4 Steps to Realistically Attack Your Goals
Ten years ago when I turned 30, I was driving to my family’s business, Wine Library, and I looked at myself in the rearview mirror and said, “You are full of it.”
I realized that nothing I had been doing over the last five years was putting me anywhere close to my lifelong goal of buying the New York Jets—a billion-dollar sports franchise. So on my 30th birthday, I had a difficult and honest conversation with myself. If owning the Jets was truly my North Star, then I needed to shift my behavior and start putting in the work necessary to achieve that dream.
I had to keep in mind that putting myself on the path to success wasn’t just about having an “I can do it” mentality. I had to be honest with myself about who I am and if I am willing to put in the required work. I had to eat a ton of humble pie and start asking myself the right questions.
No matter what your life goals are, you must be able to honestly assess and position yourself to get there. Once you become self-aware by taking stock of your strengths and weaknesses, you’ll know where to put forth the work necessary to attain your endgame.
Related: 10 Steps to Achieve Any Goal
Here are the four steps I would recommend to anyone who wants to start auditing themselves to realistically attack their goals—steps that will allow you to focus your time and energy into the best outlets that ladder you up to what you want in life:
1. Become more self-aware.
If you don’t have self-awareness, one of the ways you can gain it is by getting other people to give you the data points. The people who know you best often see the things you can’t see for yourself. Please remember that you’ll need to be mentally prepared to hear both the good and the bad. Either way, you’ll learn more about yourself than you could on your own.
When you’re ready, take the two to five important people in your life, create a safe space for them to be candid and ask: “You’re going to hesitate, but I need you to be honest: What do you think I’m good at and what do you think I’m bad at?” Knowing your strengths and weaknesses will help you figure out your next steps.
2. Play to your strengths.
Once you find out your strengths, list them and then figure out how they can map to your goals. You might know you’re a great student, and even though you might not be interested in something directly related, like academia, you have to ask how those skills can be useful elsewhere. For example, curiosity and attention to detail are traits that translate to many other industries. Your talents will serve as the blueprint to reach your North Star.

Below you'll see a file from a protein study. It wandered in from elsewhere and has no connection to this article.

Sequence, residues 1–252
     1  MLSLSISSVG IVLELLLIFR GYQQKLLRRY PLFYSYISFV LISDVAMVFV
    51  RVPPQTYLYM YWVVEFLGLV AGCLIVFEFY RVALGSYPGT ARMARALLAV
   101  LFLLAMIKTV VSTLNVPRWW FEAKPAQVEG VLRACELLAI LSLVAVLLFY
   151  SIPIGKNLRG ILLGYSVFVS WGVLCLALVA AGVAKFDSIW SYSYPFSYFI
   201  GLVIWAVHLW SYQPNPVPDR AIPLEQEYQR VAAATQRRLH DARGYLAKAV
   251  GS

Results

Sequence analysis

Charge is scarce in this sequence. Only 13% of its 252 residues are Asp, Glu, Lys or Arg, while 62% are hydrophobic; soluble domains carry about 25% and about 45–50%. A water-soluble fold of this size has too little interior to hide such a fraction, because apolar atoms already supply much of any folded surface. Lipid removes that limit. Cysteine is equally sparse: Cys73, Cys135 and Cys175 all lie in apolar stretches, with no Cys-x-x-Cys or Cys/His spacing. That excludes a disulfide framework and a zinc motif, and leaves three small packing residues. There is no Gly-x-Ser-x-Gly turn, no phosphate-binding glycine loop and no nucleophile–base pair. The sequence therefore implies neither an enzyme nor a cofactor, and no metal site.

Your strengths and natural talents will tell you what routes to pursue, while your weakness will help dictate what to avoid.
3. Respect your weaknesses.
One of the biggest mistakes I think people make is putting effort toward making up for their flaws. In America, we’re sold every day on trying to “fix” the attributes we don’t have or the skills we think we need. Instead, respect your weaknesses, but don’t waste time dwelling on them.
I could fill up pages with my weaknesses, but I don’t focus on them. I’d rather concentrate on my strengths and the opportunities at hand. To win, you need to be your biggest fan. Everyone has weaknesses, but the people who win respect their strengths more.
4. Stay in your lane.
If you can play to your strengths and respect your weaknesses, it will give you the confidence to put yourself in winning situations. For example, you can become part of relevant conversations or business decisions where you can provide the most value.
I’m a salesman and a business builder. I’ve been doing it my whole life. So when I talk about business, or marketing, or wine, or the New York Jets, I have nothing but confidence. However, you’d be surprised how quiet I am around the dinner table when the conversation turns to politics or the latest episode of a popular TV show. I can be loud and proud in my areas of expertise because I stay in my lane.
That day 10 years ago, I had to make a big decision on defining what my personal success would look like. But ever since I started being honest with myself, it was clear to me what I had to do and will continue to focus on in order to get what I want. I don’t know if I’ll end up owning the Jets, but I know that I’ve put myself in the best position to make it happen. I made a personal assessment, and I still do every now and then, to make sure I’m still on the right track.
Even with these steps, there is no secret formula and there are no shortcuts. You have to put in the work if you want success.
Related: 6 Ways to Act on Your Ambition
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I know that my life today—as blessed and real and challenging and joyful as it is—wouldn’t be possible without the horror and sadness and hurt that came before it.